I remember everything.
Every horrible word.
Every terrible action.
I thought I had gotten rid of them by moving forward, but I hadn’t dealt with how their comments made me feel. Who are they, you ask? Various people throughout my life, who I felt had done me wrong (in some way). Being made fun of because I wasn’t cool (coolness is a trauma response-we’ll talk about that another time)? Let’s carry it. Being bullied throughout middle school? Pack it up.
I didn’t realize I had been carrying around all of this until recently. The mind forgets but the body keeps score. That’s the truth. I have been carrying all of these things around most of my life. They have been accumulating over the years. Since the pandemic, this has all come to a head: I must do something. My body has been speaking to me and I’ve had to figure it out. Through arthritic, walk-halting pain, I’ve finally landed on one word: forgiveness. Actually, I didn’t come to this epiphany on my own.
One night, I was looking for something to fall asleep to on YouTube. I clicked on a sermon. It was talking about forgiveness. The sermon all but said my name that’s how personal it felt. I was captivated and convicted as I watched with tears streaming down. Without an audible response, I divinely knew that I had to walk the path of forgiveness. I talked with my therapist and she agreed.
Forgiveness is controversial. No one wants to relent, even if the one who is offering the forgiveness will benefit the most. People still find it hard to do. I was talking to my good Brother Theo about my new journey, the journey to forgiveness. I felt so foolish because the thing I needed to do was staring me directly in the face the entire time. I also felt foolish because forgiveness is the centerpiece of my Faith (The old me would’ve parked here to give myself a pity party, but I know better now). He told me not to give myself a hard time and that the simple thing is often overlooked.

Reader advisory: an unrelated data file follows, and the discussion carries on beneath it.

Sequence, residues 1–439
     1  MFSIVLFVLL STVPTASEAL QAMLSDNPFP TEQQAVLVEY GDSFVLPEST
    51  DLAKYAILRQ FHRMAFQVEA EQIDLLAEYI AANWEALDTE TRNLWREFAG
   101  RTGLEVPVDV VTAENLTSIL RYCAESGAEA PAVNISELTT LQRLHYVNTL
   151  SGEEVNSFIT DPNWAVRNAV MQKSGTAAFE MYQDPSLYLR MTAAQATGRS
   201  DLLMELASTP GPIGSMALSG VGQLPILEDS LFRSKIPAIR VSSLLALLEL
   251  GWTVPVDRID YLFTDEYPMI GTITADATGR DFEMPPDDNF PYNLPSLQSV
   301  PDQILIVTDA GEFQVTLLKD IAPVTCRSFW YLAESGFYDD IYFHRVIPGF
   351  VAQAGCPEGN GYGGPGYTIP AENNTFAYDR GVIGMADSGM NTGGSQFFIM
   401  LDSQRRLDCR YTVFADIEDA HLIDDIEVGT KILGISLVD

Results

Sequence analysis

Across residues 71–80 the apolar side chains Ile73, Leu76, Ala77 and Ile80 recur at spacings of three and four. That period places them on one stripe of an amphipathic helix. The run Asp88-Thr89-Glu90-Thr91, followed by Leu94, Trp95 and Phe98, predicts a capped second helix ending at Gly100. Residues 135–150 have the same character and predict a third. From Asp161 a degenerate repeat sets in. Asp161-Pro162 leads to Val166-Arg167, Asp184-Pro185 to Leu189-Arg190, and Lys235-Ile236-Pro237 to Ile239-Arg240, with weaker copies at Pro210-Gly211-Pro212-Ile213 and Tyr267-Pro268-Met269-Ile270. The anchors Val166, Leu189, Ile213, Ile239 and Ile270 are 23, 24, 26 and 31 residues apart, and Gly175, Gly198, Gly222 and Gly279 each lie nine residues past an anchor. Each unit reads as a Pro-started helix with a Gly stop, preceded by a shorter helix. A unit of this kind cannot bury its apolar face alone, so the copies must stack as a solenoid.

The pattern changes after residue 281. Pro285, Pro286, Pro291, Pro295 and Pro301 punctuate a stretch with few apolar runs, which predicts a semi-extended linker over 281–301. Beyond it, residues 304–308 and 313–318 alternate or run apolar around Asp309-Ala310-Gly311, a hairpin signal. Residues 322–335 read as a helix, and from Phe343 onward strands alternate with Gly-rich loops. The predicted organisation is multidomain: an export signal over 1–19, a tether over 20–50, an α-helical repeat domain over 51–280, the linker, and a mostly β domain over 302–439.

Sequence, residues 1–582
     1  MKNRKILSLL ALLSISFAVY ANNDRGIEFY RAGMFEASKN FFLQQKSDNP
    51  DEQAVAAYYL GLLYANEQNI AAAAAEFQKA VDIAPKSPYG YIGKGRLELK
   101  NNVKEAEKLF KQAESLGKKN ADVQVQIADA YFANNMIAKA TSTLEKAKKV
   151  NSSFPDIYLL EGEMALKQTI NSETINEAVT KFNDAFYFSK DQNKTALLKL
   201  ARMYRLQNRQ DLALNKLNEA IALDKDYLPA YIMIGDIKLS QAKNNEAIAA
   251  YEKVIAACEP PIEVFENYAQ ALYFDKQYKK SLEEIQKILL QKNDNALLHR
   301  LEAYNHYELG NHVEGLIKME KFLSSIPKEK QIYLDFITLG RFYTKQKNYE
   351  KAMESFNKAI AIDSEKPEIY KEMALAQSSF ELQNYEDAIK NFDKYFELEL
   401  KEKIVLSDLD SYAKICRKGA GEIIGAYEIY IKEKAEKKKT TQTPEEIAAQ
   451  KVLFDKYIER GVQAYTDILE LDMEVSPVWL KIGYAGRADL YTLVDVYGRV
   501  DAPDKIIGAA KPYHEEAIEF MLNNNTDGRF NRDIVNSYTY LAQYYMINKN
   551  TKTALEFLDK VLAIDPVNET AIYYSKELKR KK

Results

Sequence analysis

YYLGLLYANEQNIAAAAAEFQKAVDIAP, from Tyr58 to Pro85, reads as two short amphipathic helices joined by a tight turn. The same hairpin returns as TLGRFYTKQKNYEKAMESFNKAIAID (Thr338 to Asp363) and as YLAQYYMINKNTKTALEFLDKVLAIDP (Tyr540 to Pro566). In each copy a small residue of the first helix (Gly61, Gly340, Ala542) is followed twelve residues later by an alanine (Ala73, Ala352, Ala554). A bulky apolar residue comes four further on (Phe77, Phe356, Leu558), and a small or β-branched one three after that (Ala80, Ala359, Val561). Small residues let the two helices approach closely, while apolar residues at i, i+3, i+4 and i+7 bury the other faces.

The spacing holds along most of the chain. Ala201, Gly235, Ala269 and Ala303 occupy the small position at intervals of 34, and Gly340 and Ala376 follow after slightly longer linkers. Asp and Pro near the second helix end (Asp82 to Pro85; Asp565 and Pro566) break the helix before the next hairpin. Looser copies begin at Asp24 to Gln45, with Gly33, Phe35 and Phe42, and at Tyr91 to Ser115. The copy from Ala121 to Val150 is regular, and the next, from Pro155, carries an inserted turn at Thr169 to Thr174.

This road ain’t pretty or perfect. It’s a slow, steady climb that doesn’t happen overnight. I have to deal with my rumination as soon as it arises. Some memories are hard to forgive immediately, but I can acknowledge how I feel and circle back at another time. Honestly, I find it easier to forgive others than forgive myself. I beat myself up sometimes because I allowed some things to happen to me. I wished that I was different back then, but I have to give myself grace and forgiveness.
This is also why I’ve become the person my younger self can be proud of.
Forgiveness has become a vast word I am learning more about each day. I’ve written more about it offline, but now isn’t the time to share.
I’ll leave you with something I heard and found to be true: Forgiveness is for you; not them.
Until Next Time,
Love & Peace